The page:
The decomposed body of an elderly man went undiscovered for up to a month while children played in the street outside his Bletchley home.
The body of 69-year-old Ronald King was eventually found by police last Wednesday after the smell emanating from his small first floor flat became so intense that neighbours reported it to the council.
Mr King’s body was found on the floor of his home in Diddington Close. It is thought he had been dead for between two to four weeks.
Police had to force their way into the one bedroom property by breaking down the front door before making the gruesome discovery in the hallway.
An inquest into the death was opened on Tuesday and adjourned until December.
Police have said the death is not being treated as suspicious.
An operation to clean and clear the flat is still ongoing this week.
Mr King is thought to have lived in Diddington Close since the flats were built in the early 1990s and neighbours have described him as being a quiet man who kept himself to himself.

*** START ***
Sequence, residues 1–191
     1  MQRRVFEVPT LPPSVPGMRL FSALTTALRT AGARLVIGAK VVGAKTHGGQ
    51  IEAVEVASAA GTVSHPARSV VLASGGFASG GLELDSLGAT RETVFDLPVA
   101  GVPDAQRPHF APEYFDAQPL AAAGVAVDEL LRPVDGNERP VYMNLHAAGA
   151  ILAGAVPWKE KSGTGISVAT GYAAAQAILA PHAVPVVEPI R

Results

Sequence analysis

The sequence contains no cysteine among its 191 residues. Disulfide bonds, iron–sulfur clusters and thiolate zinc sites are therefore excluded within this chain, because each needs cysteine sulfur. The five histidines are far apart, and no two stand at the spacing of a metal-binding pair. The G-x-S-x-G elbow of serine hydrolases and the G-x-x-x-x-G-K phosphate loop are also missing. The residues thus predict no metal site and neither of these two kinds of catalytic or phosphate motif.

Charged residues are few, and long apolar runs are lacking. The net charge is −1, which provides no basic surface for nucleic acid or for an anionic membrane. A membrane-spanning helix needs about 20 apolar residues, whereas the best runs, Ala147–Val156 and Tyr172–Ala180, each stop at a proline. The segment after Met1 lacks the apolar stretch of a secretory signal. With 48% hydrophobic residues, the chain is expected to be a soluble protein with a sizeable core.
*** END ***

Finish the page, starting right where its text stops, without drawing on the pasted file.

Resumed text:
One neighbour said: “We hadn’t seen him since early August.
“It’s very sad. You wouldn’t wish this sort of thing on your worst enemy.
“We had an idea of what happened when the smell became so obvious and we could see maggots, so we reported it.”
Age UK Milton Keynes is a charity which provides help and advice to elderly people in the city, and in light of Mr King’s death, chief executive Jane Palmer is encouraging neighbours to keep an eye out for the signs that vulnerable people may be in need of help.
“It used to be that if you saw the milk piling up outside or the newspapers sticking out of the door that people would think something was wrong,” she said.
“Things are a bit different now, but there are still signs to be aware of, like seeing the curtains opening or shutting, or lights going on or off.”
Incidents like Mr King’s death are said to be very rare, but the number of vulnerable elderly people living alone is on the rise, according to Mrs Palmer.
“If we don’t know about people who are isolated then we can’t do anything about it,” she said. “People should get in touch if they’re worried about someone.
“No one should die in these circumstances.”